Friday, 19 April 2013

Degrees of Continuity - The Aston Martin DB5

We, by which I mean me, here at Volcano Cat are/am always conscious of the responsibilities involved. The unspoken bond, if you like between Blog and reader that we or for all you care I exists, manifested as it isn't by its complete lack of visibility and remarkable absence of any e-mails from you, the presumed Blog-ees. Does that mean we, myself and I ceases to care?, I would like to assure you, each and all that all our staff at VC productions Inc (Registered offices, Box 277, Place De La Revolucion, Bogota) cares as much as he ever did, or is likely to. So, with that thought sitting uneasily in our stomachs in the fashion of an under-cooked pork casserole lets turn our attention away from the ethereal nature of whatever that was all about and contemplate a product of an unlikely survivor in the disaster that we Englanders laughingly called the British Car Industry. The Aston Martin DB5.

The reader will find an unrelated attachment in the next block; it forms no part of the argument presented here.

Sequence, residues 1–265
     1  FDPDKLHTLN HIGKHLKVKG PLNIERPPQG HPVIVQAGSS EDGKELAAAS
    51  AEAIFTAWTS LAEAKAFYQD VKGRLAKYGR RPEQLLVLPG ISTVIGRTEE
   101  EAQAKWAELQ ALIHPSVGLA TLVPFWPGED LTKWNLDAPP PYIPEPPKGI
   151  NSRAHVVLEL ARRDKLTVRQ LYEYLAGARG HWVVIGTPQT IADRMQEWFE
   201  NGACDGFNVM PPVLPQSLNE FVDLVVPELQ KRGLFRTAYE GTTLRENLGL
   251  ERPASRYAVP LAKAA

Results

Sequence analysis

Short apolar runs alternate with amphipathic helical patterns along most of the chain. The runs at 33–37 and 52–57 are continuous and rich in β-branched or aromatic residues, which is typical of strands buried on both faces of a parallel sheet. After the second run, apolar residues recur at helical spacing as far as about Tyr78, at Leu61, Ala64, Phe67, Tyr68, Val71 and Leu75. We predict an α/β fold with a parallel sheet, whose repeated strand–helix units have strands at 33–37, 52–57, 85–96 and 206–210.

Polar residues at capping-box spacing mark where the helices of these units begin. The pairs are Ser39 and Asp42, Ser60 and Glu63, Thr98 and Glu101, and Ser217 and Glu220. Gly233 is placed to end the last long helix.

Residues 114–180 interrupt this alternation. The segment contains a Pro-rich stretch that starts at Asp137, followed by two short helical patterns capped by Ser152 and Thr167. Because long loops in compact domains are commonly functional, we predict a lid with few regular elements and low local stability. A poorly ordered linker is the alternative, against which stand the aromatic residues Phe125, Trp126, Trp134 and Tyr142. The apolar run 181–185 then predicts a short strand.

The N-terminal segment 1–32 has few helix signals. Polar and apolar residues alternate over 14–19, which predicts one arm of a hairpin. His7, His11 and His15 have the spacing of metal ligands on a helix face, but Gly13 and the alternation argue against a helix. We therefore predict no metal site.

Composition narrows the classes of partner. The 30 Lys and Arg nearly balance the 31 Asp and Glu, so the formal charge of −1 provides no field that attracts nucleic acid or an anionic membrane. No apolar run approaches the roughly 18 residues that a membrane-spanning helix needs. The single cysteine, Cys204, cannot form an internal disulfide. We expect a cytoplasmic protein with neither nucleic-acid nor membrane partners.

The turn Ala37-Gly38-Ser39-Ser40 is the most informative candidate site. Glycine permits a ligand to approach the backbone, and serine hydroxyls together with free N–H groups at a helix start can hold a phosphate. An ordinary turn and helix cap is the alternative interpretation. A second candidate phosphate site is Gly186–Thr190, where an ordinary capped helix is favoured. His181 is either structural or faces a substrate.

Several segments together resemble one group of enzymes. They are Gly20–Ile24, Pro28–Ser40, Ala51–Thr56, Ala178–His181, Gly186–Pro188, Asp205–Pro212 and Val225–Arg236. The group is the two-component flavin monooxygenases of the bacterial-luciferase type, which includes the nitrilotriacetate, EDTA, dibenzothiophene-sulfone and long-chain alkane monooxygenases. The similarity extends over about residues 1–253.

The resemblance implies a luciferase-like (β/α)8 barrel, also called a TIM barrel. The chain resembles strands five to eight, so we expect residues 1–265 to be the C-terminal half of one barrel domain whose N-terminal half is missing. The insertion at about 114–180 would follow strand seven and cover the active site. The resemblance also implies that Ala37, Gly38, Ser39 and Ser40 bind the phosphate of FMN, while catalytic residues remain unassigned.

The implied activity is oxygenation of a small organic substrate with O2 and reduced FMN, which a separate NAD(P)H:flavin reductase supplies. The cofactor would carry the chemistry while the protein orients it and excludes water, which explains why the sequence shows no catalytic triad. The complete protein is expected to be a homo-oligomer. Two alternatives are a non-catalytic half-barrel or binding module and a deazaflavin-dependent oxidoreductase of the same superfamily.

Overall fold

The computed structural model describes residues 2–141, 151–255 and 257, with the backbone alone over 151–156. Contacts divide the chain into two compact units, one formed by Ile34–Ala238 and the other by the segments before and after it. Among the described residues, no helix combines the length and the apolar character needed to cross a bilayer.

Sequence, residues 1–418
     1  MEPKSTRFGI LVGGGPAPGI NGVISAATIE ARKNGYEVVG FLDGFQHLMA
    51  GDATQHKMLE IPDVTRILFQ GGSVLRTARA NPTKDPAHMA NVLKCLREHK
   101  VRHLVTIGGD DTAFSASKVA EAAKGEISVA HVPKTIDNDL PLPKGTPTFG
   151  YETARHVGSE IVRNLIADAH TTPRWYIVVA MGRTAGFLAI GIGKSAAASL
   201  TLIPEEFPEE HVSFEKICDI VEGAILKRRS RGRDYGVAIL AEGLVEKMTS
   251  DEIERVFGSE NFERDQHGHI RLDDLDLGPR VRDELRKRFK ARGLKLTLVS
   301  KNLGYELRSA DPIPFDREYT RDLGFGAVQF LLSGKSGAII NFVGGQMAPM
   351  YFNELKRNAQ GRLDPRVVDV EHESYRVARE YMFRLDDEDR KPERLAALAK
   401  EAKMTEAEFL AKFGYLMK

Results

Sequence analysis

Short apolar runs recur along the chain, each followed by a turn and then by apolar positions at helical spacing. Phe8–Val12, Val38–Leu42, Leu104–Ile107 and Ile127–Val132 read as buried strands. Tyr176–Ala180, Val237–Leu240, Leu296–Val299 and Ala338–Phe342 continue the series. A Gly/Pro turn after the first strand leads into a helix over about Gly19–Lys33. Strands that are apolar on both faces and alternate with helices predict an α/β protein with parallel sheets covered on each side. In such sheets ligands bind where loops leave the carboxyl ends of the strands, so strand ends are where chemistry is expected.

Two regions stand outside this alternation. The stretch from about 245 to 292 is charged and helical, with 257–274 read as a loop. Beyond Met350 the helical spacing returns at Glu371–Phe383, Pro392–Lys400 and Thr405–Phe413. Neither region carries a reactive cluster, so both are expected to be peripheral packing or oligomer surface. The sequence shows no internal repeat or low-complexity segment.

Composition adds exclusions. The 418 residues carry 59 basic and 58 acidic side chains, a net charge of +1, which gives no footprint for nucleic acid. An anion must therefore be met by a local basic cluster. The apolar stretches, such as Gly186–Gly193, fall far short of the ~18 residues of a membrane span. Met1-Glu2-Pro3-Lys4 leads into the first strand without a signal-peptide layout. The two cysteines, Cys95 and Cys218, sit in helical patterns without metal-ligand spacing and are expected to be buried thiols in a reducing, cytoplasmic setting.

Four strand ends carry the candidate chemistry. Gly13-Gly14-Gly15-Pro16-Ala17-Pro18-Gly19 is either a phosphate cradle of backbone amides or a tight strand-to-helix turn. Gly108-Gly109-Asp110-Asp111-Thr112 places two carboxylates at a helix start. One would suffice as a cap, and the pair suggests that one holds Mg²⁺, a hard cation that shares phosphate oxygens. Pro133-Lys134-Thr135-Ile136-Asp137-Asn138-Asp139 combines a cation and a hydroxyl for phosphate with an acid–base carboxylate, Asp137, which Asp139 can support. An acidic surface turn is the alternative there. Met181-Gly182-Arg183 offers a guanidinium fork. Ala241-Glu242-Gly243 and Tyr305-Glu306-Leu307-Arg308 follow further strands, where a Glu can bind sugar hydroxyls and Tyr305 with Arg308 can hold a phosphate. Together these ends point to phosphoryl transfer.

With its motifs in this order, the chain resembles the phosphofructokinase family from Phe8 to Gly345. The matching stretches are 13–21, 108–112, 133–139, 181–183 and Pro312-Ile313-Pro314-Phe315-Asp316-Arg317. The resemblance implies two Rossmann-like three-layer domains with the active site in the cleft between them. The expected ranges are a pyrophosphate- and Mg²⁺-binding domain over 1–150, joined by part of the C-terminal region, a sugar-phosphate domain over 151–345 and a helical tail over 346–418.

Sepia-Vision on, and back we go, in cranky and blotchy silent movie news-reel fashion to 1913. Yes, Queen Victoria was dead and one of the other lot was on the Throne, probably Edward or Edwin. Some bloke. But whats this?; why it's two badly under-researched bloke called Robert Bamford and Lionel Martin. Look, there goes young Martin up a hill, Aston Hill no less. In a car. Changing reels – and I really should do some more research – its World War One, but thanks to the Credit Crunch we've had to abbreviate it to WWI, and there's no footage. Imagine in your mind, if you will – a lot of dead people and some hideously waxed moustaches, bit of poetry and Hurrah! - peace once more. When, oh when will mankind learn, eh?. Moving on – after WWI halted production before it even started, it resumed. Production, not the war...